Pastured goats should have access to a supplemental mineral mix designed for goats. If goats are not being fed in a way that insures that each goat gets the correct amount of mineral supplement, they should have free access to a mineral supplement that contains enough salt to prevent overeating of the supplement.
Minerals that are meant to be mixed with or added to a feed ration should not be fed free choice. Some goats may eat too much and end up with selenium toxicity. Symptoms occur suddenly when the selenium level gets too high and it is usually fatal.
Mineral mixes for sheep do not contain copper that goats require. Mixes designed for cattle can be fed to goats if a goat mix is unavailable. Goat mixes are more concentrated and more likely to be consumed in the amounts needed to maintain nutritional balance. Goats are not likely to get sufficient mineral from blocks or licks.
Much of North America, including western Oregon, does not have sufficient selenium in the soil for goats to naturally maintain a sufficient level to be healthy. Selenium toxicity from getting too much selenium can occur if they get too much, either by over-eating supplements or from the pasture itself in areas where the soil level is too high. Local extension agents or veterinarians can tell you about selenium levels in your area. Some parts of the country have variation in local soils that may be low, high, or even toxic.
After Council for Agricultural Science and Technology, Selenium: An essential poison, Sci. Food Agric., pp. 22–26, 1986
When purchasing mineral supplements for pastured goats, the best choice would be a granular mix that is intended to be fed free choice and contains selenium in an appropriate amount for your locale. Sweetlix Meat Maker in 25 lb. bags is a commonly available mix that is meant to be fed free choice. Beaver Brand Goat Mineral, made in McMinnville Oregon, comes in 50 lb. bags. It is carried by some of our local feed stores and works well for us.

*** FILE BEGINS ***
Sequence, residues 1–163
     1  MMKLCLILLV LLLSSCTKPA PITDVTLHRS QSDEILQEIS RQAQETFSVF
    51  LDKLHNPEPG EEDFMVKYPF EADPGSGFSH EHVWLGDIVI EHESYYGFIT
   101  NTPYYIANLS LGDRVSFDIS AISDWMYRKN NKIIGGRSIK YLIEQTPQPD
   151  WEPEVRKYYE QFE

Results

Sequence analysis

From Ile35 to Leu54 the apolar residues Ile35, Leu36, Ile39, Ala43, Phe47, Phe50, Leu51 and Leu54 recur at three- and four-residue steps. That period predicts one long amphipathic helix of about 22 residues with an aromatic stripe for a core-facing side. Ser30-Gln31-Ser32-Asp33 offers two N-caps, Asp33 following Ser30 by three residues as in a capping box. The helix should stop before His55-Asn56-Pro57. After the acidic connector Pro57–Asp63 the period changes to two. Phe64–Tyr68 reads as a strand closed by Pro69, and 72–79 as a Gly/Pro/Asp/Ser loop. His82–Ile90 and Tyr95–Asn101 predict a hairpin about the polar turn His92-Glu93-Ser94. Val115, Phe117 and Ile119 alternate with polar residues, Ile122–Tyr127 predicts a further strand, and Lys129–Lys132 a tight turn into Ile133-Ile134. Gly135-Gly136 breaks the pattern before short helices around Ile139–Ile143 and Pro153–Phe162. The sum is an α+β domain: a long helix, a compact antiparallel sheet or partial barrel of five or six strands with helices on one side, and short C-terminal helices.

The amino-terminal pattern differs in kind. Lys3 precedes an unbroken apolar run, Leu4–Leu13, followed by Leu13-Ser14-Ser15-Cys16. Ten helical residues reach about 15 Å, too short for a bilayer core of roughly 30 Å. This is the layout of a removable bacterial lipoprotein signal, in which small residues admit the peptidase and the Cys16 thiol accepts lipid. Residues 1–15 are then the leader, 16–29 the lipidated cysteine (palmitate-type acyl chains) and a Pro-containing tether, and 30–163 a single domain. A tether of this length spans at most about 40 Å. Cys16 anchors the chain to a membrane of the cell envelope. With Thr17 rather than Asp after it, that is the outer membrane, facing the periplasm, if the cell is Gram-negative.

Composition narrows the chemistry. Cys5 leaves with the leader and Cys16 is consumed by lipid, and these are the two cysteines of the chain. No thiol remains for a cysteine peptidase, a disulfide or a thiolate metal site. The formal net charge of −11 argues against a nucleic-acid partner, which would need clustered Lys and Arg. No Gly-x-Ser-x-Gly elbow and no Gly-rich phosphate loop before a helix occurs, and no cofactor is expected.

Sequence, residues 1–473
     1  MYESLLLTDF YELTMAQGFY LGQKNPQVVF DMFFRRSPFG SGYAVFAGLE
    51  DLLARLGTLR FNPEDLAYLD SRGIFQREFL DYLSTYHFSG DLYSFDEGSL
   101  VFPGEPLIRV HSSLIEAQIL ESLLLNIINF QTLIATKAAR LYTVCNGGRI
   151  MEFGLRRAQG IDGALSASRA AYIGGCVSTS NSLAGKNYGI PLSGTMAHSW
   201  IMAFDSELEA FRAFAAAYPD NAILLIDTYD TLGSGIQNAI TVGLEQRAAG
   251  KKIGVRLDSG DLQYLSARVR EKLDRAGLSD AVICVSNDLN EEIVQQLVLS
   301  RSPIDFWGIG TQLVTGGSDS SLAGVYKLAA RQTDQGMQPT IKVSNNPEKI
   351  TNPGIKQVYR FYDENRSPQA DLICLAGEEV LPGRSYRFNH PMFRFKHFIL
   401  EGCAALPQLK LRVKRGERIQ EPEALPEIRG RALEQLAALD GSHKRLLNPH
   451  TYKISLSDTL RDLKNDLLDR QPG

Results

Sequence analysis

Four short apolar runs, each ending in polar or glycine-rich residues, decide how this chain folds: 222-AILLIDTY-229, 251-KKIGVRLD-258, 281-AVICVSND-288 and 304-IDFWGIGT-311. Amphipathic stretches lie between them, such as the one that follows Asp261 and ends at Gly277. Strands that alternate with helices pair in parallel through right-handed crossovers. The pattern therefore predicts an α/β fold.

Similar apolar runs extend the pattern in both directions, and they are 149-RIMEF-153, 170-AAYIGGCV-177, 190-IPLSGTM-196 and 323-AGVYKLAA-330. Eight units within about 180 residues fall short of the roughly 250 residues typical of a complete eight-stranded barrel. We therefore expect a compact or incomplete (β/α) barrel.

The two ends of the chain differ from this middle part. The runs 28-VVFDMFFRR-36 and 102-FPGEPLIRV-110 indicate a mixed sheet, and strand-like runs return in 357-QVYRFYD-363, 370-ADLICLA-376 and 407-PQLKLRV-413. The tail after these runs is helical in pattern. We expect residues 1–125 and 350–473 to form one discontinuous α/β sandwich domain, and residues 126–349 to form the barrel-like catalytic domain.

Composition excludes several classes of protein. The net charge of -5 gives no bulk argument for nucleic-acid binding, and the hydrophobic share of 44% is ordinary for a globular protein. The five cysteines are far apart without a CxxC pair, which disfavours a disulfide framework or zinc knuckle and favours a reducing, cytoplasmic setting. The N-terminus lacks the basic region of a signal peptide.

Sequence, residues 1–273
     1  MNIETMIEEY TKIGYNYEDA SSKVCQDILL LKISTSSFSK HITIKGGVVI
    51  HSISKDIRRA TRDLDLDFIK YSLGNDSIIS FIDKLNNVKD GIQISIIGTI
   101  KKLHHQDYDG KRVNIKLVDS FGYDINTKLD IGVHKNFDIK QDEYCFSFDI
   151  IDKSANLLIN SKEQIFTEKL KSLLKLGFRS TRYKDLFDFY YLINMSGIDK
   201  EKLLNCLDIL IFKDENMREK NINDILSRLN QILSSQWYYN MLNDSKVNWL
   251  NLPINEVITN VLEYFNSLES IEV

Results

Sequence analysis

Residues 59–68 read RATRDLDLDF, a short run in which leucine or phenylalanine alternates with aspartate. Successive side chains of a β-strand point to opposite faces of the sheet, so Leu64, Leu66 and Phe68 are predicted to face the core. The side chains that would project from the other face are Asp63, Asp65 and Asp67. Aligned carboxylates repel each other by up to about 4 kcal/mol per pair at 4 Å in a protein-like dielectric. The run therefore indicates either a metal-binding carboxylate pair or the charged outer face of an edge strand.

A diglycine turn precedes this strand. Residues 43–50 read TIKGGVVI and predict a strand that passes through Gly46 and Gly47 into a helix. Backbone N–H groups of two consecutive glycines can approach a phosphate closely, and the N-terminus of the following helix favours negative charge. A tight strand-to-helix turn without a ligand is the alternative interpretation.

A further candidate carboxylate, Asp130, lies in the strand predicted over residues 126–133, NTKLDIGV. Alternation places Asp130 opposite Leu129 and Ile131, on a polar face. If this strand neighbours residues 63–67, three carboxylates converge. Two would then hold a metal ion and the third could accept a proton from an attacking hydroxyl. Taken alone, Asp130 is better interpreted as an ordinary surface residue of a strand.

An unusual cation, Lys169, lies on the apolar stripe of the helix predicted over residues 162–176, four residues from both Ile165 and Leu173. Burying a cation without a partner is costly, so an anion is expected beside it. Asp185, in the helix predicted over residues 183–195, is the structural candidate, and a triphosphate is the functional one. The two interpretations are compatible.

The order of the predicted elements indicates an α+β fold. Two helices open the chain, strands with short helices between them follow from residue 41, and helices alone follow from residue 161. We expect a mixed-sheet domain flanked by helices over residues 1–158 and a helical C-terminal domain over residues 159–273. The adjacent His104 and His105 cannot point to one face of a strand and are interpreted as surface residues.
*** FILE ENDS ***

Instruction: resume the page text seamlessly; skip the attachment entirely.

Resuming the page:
This type of supplement should always be available to pastured goats in a covered feeder to keep it dry. They will usually eat it if it gets caked on top from moisture in the air, but goats will eat mineral supplements more regularly if they are fresh and dry. Goats will not eat enough mineral if it gets contaminated with urine or feces from goats or other animals. If this happens, or you think it may have, the mineral should be dumped and replaced with fresh. The amounts consumed can vary a great deal, depending on pasture conditions or other factors. Sometimes hardly any may be used for weeks, then the feeder may be emptied daily for a while. Smaller amounts can be put out during slow periods, and increased when consumption goes up. Water should be available nearby, especially in the dry season, but at least several feet away from the mineral feeder.
Where soils are low in selenium, goats may not eat enough mineral supplement, and become deficient or marginally low even if the mineral is consistently offered. If selenium deficiency is suspected or found by testing, a veterinarian may prescribe injectable Bo-Se, selenium with vitamin E. It is not labeled for goats, but is widely used.